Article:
Announcement: Join the FF Saturnalia Party 2017.

Author Archives | Mike

Dr. StrangeBrain, or, How I Learned To Stop Worrying And Lose My Religion.

Dr. StrangeBrain, or, How I Learned To Stop Worrying And Lose My Religion.

Mike’s note: while watching “Harapan” on ABS-CBN last night and surveying the faces in the anti-RH crowd, I spotted someone I used to work for. He left a significant impact on my life, though perhaps for very different reasons than he might like. Anyway, I’d like to share this personal reflection I wrote and posted on my blog some time ago.

This is what an officemate asked me one evening, in all innocence. The words aren’t exactly what was said, but you’ll get the drift:

“So, since you don’t believe in God anymore, you can go and fuck around, and that would be OK, right, won’t be a problem for you?”

In fairness, my officemate’s been a churchgoer his whole life, as was I until about five years ago: I understand the Christian perception of a Godless life as necessarily an immoral one, or at least one without any moral guardrails.

I pondered that point, as I ripped my officemate’s tongue from his head. Continue Reading

Posted in Featured, Personal, Religion, Stories6 Comments

“Contraception Doesn’t Decrease Abortions” – Busted!

“Contraception Doesn’t Decrease Abortions” – Busted!

“Nations that have adopted contraception have not seen a drop in abortions,” fulminated a recent post in an anti-RH Facebook page. “That’s a patent lie.” This is such a common anti-choice trope, that anti-abortion activist Abby Johnson can repeat it without supporting data, and without fear of rebuttal.

Too bad the data doesn’t support their claims. More widespread contraceptive use correlates strongly with lower abortions. Diehard opponents of the pending Reproductive Health Bill will find this statement difficult to parse, much less accept: after all, aren’t abortions and contraceptives just two cogs in the same anti-life mechanism? Don’t abortion rates go up with rates of contraceptive use?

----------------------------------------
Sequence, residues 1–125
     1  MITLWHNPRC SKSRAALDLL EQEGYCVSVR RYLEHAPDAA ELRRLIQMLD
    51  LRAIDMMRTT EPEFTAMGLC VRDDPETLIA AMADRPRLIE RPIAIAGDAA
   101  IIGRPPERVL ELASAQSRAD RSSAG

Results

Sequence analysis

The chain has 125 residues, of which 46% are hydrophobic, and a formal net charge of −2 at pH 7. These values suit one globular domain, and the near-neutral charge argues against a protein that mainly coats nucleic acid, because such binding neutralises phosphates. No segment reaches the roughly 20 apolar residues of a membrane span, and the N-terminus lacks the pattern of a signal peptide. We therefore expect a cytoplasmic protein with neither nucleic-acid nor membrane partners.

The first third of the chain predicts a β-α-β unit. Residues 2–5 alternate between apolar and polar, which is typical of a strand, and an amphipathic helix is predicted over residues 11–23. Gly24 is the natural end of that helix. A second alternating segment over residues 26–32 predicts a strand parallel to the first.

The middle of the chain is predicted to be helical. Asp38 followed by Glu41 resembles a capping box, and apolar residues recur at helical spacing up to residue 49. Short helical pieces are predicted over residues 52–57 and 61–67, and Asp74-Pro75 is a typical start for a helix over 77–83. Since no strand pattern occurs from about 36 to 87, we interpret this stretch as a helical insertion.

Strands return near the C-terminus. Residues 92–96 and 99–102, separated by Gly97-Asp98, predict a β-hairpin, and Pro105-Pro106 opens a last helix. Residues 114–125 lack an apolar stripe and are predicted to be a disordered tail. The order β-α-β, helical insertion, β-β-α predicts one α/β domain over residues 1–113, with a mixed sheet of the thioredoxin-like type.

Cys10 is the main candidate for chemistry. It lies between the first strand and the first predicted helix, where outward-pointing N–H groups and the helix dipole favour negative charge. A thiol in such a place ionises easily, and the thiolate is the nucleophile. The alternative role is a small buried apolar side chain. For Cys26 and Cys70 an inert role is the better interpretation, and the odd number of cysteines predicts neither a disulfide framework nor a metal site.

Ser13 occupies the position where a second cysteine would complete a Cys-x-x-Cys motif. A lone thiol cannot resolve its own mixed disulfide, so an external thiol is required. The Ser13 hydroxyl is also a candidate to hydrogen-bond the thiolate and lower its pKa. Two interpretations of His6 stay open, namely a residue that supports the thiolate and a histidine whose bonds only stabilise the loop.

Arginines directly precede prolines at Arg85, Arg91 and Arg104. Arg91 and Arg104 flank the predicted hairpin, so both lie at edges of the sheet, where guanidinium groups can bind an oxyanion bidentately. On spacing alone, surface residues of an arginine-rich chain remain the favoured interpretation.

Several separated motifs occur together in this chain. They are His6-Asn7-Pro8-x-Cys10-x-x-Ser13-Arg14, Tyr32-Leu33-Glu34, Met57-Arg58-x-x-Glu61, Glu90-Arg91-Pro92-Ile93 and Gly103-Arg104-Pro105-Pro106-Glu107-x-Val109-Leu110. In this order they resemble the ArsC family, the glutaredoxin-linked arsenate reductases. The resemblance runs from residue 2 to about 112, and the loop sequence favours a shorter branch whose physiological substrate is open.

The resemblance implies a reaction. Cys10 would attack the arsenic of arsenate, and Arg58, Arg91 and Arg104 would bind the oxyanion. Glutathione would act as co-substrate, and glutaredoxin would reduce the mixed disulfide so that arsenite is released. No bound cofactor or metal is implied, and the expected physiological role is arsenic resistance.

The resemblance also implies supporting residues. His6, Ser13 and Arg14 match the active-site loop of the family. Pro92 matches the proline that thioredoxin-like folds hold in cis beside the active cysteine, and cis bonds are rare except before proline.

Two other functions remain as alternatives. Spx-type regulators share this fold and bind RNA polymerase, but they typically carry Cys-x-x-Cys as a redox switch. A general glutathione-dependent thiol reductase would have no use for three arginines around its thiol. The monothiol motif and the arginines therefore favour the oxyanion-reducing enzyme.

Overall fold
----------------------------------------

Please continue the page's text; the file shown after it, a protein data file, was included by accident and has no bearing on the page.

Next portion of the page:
Actually, no – many studies show that abortion rates recede if decision makers are provided enough information and a wider range of contraceptive choices.

The states comprising the former Soviet Union are the perfect place to test this – a large population for whom “abortion was legal and widely available, whereas contraceptives were in limited supply” (Marston & Cleland). The data supports the conclusion that as more contraceptive methods were introduced, the rate of abortions began to drop precipitously. Continue Reading

Posted in Politics, Religion, Science16 Comments

"Sleeping with the Enemy": A Conversation with Armida Siguion-Reyna.

Digging through my portfolio, I unearthed this interview with Armida Siguion-Reyna, done for Preview Magazine in October 1998. This was during the Estrada Presidency, where Armida’s reign as the Chair of the Movie and Television Review and Classification Board (MTRCB) was just about the only good thing that ever came out of his administration, in this writer’s opinion.

The MTRCB has always been controversial – its potential as an empowering agency for a particular segment of society is constantly prone to being taken over by short-sighted individuals who seek to use this government agency for their own ends, usually to promote their own brand of morality at the expense of free expression.

The interview may be thirteen years old, but I think much of it is still relevant today – Siguion-Reyna believed that her role as MTRCB chair was not to serve as a guardian of morality, but as a guide to help the movie industry mature and provide better quality output. In this view, sadly, Armida is in the minority. The MTRCB fell back in the hands of the morality-police after Estrada’s ouster, and some would say it’s stayed there ever since.

– – – – – – –

In the bloody battle between the censors and artists, film producer Armida Siguion-Reyna gets the last laugh


It’s funny, the tricks life plays. One moment you‘re a distinguished producer and anti-censorship activist, the next you’re chairperson ofthe censorship board you’d battled so fiercely in the past. For Armida Siguion-Reyna, former producer of Reynafilms (responsible for Ligaya ang Itawag mo sa Akin) and present chairperson ofthe Movie and Television Review and Classification Board (MTRCB), the joke never ceases to amuse her.

Assisted by a new Board composed mostly of showbiz people, she aims to guide MTRCB away fiom its arbitrary stance as guardian of public morals to its real function as a transitional body to help the movie industry towards self-regulation and artistic growth. The editing-room scissors, for instance, will be given back to the producers; less arbitrary guidelines on classification are implemented; and stricter discipline is imposed on errant production outfits and theaters. Preview dropped by her windowless, cramped government office that comes with the controversial, often-difficult job. To laugh with her.

How did a fighter against censorship end up as Chairperson ofthe MTRCB?

Well, I`m still fighting censorship. I accepted this job so I can push for amendments to PD 1986. The spirit and intent of PD 1986 is for MTRCB to be a transition body to eventual self-regulation, once the industry has proven it can self-regulate. How can you prove that unless we are given the chance? This is the chance. I don`t think there will be another movie personality made Chairman ofthe MTRCB ever again. If we can`t make it now, we can’t make it at any other time.

With you at the helm of the MTRCB, who do you see as possible opponents to amending PD 1986?